Still, rebooting isn’t new. Jeanette Steemers, professor of culture, media and creative industries at King’s College London, points to various classic children’s shows revisited over the years, such as Thomas & Friends and Bob the Builder. Some represent an opportunity to reimagine characters that don’t stand up to modern day views on representation, race or disability, such as Disney’s Dumbo, the original of which employed blatant African-American stereotypes. (Similarly, WildBrain asserts the multi-racial casting of Sun Babies in the new Teletubbies is an effort to “reflect the diversity of the audience”.) More often, however, reboots demonstrate a low appetite for risk in an increasingly cash-strapped sector: “It’s really difficult to come up with a hit,” Steemers tells BBC Culture. “Nobody knows what that magic sauce is, so people instead try and replicate it. The problem is that the reboot is often not as good as the original.” Angelina Ballerina is a case in point. The original series, with 2D animations based on Katharine Holabird’s beautifully illustrated books, was later revived using CGI with arguably diminishing returns. This resonates with Wood, for whom the Netflix Teletubbies represents a major devaluation of the brand. She disparages the use of digital production techniques, though her main concern is that the careful observation undertaken before shooting the original – perfecting that child-centred lens – hasn’t been replicated. When this was put to WildBrain the company chose not to comment. In detailing how Teletubbies had been updated, however, it stressed that the “spirit and concept of Teletubbies remains unchanged from the original series,” and “the stories and themes still centre around wonder, discovery, joy and silliness”.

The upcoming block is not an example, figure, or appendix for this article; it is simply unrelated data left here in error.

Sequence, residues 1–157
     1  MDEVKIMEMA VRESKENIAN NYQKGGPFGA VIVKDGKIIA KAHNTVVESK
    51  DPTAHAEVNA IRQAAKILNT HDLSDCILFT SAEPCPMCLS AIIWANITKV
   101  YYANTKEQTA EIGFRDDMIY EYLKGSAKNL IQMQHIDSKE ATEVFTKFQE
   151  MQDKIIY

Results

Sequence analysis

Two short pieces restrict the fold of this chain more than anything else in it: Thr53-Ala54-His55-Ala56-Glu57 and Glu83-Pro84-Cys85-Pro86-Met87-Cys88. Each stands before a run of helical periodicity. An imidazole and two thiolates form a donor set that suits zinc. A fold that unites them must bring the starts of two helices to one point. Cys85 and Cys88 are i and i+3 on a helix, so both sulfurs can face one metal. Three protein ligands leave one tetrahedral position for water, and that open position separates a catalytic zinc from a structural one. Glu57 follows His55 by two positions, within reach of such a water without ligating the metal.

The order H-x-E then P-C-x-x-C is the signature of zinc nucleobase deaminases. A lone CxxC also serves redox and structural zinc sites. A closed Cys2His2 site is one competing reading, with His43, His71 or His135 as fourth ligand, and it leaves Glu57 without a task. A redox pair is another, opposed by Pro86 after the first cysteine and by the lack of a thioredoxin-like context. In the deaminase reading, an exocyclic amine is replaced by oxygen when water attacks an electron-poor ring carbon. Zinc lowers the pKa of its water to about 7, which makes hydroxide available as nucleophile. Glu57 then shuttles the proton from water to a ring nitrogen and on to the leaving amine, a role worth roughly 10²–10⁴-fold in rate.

It remains to be seen whether the reboot resonates in the same way. Netflix wields huge power but it doesn’t operate in China, where much of the Teletubbies fanbase resides. Nor will the new series be available in the UK, where the BBC holds exclusive rights. And though the Tubbies have learned to play the social media game, tweeting celebrities and riling up politicians, the controversies and zeitgeisty debates that both plagued the show and lifted it to the top of the news agenda have long since moved on.
But perhaps a more pertinent question is the one Wood asks: “Where will the next Teletubbies come from?” It would be difficult to bankroll such an outlandish project today. In the UK there are no longer any quotas on children’s content for commercial channels and the Young Audiences Content Fund, a lonely olive branch, was discontinued in January. Wood also worries that a deference to nostalgia is restricting the creativity she and Davenport were afforded in the ’90s. “There are other people out there making good work, or at least they could, were they given the opportunity.” She cites a project currently sitting with Ragdoll. “It is, I hope, in the zeitgeist of now, as much as you can feel it. Will it be seen in the whole mass of stuff being churned out? Who knows, but you have to keep trying.”